I was recently asked to give my top 10 tips on negotiating an expensive web site based on my experience in drafting and negotiating IT agreements. Here they are. I must stress that they apply to the purchaser’s view point. Different criteria may apply if you are on the supplier side. Although this is written with obtaining a new web site in mind, these points can easily apply to purchasing other business-critical IT. Having a good agreement is crucial when spending money on important IT, especially when the vast majority of IT projects are over-budget, to the wrong spec, or late. So here are my top 10 tips:
1 Spec – Be absolutely clear about what you’re getting. Have a clear specification for what the web site should have. Make sure that covers performance issues. Also, ensure that whatever you want to receive as a minimum is clearly documented.
2 Timing – If timing is important, have a clear timeframe for delivery. Have incentives for early delivery and penalties (but you can’t call them “penalties” in English law) for late delivery.
3 Fees – Be absolutely clear on price. What is it costing? Is it on a time and materials basis, fixed fee or some other blend? Fixed fee is better to give you certainty and avoid scope creep, although the supplier may charge more to cover contingencies. Are expenses being charged too? If so, what do they cover?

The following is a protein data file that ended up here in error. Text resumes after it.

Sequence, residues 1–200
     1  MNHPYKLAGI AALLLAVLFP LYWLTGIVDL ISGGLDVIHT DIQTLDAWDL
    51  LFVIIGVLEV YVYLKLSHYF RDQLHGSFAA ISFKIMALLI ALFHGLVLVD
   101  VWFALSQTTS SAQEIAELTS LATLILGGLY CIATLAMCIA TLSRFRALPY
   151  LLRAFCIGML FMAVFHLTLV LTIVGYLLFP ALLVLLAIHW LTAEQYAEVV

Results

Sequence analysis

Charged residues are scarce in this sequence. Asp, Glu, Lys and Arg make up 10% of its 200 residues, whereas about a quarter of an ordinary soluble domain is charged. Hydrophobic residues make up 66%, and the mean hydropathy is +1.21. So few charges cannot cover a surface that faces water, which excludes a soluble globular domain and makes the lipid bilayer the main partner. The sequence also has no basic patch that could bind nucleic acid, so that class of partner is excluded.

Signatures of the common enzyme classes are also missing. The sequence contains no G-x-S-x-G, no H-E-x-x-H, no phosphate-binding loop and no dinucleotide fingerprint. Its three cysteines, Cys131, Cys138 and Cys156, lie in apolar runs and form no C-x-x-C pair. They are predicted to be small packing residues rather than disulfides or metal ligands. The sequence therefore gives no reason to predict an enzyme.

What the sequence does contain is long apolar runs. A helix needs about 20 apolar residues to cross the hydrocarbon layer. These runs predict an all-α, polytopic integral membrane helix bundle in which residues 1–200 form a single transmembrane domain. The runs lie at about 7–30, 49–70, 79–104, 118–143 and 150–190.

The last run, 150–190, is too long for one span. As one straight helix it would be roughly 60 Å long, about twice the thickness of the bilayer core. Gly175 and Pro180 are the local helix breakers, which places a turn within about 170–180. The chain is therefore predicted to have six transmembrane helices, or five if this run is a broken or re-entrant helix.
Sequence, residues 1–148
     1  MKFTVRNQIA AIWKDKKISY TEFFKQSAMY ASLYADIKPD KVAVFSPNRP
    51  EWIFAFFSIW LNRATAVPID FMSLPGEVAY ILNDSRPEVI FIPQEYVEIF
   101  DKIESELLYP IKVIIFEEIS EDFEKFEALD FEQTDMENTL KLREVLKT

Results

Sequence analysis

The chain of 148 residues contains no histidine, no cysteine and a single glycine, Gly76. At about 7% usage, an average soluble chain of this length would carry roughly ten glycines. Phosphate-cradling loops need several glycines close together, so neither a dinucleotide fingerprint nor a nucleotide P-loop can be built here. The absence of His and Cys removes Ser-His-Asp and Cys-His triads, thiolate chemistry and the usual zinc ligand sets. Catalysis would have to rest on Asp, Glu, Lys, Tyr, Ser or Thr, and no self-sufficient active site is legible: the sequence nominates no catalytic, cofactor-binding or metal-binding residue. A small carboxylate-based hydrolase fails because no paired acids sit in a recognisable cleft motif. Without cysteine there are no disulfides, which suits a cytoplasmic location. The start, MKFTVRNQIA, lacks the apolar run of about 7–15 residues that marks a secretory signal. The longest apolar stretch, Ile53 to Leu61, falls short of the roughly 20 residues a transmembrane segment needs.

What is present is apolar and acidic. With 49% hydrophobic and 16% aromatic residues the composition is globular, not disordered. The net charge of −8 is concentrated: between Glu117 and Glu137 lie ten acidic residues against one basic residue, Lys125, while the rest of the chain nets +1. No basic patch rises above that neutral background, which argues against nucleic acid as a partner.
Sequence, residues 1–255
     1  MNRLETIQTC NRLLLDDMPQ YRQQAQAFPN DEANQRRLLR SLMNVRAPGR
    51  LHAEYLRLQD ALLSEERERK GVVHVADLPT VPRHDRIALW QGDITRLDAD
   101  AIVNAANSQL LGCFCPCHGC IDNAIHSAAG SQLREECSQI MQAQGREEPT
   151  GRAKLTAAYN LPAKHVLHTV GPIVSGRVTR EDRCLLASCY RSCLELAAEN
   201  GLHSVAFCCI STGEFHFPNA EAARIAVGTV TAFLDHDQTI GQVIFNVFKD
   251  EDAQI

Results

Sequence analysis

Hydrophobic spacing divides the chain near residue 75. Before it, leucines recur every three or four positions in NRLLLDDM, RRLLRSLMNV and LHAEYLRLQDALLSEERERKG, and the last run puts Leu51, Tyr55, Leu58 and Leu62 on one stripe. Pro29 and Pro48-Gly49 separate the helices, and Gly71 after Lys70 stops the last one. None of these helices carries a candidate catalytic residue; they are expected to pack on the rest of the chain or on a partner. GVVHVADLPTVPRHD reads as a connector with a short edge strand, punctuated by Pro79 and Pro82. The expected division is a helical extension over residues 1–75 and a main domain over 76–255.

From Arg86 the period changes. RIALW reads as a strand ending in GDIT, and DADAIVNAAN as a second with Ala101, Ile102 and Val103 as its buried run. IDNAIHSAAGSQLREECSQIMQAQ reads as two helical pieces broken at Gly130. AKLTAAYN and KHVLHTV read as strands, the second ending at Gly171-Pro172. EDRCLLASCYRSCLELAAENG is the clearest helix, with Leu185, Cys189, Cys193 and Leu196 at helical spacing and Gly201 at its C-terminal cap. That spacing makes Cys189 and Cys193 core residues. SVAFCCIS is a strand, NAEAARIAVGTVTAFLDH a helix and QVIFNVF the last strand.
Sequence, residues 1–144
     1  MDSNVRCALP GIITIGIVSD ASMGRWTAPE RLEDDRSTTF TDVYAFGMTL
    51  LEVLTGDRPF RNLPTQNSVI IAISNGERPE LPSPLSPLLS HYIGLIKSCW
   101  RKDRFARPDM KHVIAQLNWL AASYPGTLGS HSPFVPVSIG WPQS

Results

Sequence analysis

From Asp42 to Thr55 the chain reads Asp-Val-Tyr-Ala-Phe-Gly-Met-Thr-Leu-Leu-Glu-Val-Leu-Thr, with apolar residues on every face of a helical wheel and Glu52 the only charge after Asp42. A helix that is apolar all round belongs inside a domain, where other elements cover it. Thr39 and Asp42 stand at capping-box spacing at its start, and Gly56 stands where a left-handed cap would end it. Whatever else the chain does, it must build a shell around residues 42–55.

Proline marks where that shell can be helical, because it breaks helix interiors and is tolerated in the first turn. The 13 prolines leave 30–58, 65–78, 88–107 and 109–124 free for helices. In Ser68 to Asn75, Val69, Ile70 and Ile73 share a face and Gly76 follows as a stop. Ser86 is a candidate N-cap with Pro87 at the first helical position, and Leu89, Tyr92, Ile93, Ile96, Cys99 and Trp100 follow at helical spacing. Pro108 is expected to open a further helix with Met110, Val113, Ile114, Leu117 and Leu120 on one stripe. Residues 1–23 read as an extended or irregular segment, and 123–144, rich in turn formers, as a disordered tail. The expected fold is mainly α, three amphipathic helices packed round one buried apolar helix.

4 Acceptance testing – ensure you have the right to conduct user acceptance testing of the web site before it goes live to ensure it all works well.
5 Payment terms – Have a payment plan that is linked to delivery. Have staged payments based on effort/delivery/acceptance/go-live.
6 Remedies – Have the right to remedies if things don’t work out – either not delivered properly, not fixed, or not on time. This may range from requiring the supplier to correct at no cost, through to terminating the contract and getting all money back (as a last resort).
7 No tie-ins – Make sure that once the web site has been delivered, you are not locked in to the web developer’s other services – such as content maintenance, hosting or their domain name registration services. YOU should own your domain name. You should also ensure that you get delivery up of a fully working site (in source code as well as object code). You should be able to make on-going changes without going back to the web developer and paying them a fee each time.
8 IP issues – this can be a thorny one. You would ideally own the intellectual property in the software for the website. However, in practice, this might not happen, because (a) the web site may consist of a lot of underlying software (eg third party stuff); and (b) the supplier may be able to deliver at a good price on the basis of it being able to reuse other previous material in its library – you owning the IP will not help it to deliver cost-effectively. At the very least, you’d need an irrevocable, perpetual licence to use everything that you need – including underlying material. This should extend to a licence to make changes/updates in future.
9 Exclusivity – even if you don’t own the web site, you may want exclusivity so that the developer can’t use/re-write any particular functionality for your competitors for a period of time (eg 6 months) if it gives you a competitive advantage.
10 Be reasonable – a general negotiating tip that applies here would be just to be reasonable. If you have a lot of web developers who want your business, don’t negotiate them into the ground too much. You want them to be incentivised to help.